Monday 25 September 2017

IMF warning sends stocks lower

Getty Images
Getty Images

A stark warning from the IMF about the global growth outlook and the prospects for Spain and Greece sent European stocks and the single currency lower.

The ISEQ closed down 0.9pc to €14.17 as CRH took a battering over a failed Indian acquisition. Glanbia was down 3.2pc to close at €7.37 and Paddy Power dropped 2.4pc.

European shares declined for a second day as the region's finance ministers gathered in Luxembourg to discuss the sovereign-debt crisis.

In Europe the likely impact of the IMF's warning of weaker growth corporate earnings helped send the FTSEurofirst 300 index of top company shares down 0.1pc to 1,099.64 points, adding to its 1pc loss on Monday.

The euro fell 0.2pc to $1.2940, over a cent below a two-week high of $1.3072 hit on Friday.

US stock index futures pointed to Wall Street following the downward trend in equity markets when trading opens.

The gloomier picture of the economic outlook came as riskier asset markets such as equities are on the hunt for confirmation of a pick-up in activity after prices rose sharply last month when the world's major central banks eased policy aggressively.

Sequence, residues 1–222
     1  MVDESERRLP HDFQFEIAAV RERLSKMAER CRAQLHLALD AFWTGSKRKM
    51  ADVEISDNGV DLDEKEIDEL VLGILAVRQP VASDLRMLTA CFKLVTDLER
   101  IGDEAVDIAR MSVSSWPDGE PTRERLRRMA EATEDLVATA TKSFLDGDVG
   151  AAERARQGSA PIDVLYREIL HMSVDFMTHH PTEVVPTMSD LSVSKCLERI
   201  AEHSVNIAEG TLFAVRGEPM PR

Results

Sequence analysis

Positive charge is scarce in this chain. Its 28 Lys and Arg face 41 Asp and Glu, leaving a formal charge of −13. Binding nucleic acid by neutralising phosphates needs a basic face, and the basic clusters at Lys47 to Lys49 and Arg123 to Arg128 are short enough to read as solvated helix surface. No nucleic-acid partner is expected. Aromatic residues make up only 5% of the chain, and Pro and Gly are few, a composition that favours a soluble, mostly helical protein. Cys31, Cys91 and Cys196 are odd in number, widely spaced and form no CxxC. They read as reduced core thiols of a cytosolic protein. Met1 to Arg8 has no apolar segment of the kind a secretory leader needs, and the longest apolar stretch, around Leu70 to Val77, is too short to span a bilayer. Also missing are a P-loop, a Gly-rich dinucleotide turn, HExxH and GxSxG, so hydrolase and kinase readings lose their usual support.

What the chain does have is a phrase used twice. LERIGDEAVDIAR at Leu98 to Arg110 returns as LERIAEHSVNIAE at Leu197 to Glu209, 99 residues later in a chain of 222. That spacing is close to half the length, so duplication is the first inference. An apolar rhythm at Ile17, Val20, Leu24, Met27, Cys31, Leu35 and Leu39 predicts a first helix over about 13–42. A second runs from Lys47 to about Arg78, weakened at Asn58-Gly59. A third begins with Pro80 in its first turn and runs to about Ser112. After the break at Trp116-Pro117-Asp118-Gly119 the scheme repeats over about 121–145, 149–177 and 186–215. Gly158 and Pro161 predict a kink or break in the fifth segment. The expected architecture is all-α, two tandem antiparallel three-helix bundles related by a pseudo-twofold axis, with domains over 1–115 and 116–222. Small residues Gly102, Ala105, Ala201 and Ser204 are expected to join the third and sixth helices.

Decision

The International Monetary Fund's decision to mark down future growth in emerging markets as well as developing economies sent global shares, as measured by the MSCI world equity index, down 0.2pc.

The fund also warned that any failure by policymakers in the United States and Europe to fix their economic problems could even prolong the current slump.

European Central Bank President Mario Draghi added his weight to the gloomier view, telling European lawmakers meeting in Luxembourg he expected weak activity to continue with the risks to even this forecast on the downside.

"Some things have improved in the last two or three months, but I think the road ahead is still long and it's uphill," Draghi said.

The growth worries offset a slightly more positive mood in Asian markets which followed China's injection of around $42bn of cash into its money markets.

That boosted speculation its central bank may soon do more to support slowing growth.

The MSCI index of Asia-Pacific shares outside Japan added 0.5pc, pulled higher by rises in Hong Kong and China shares after the move.

Irish Independent

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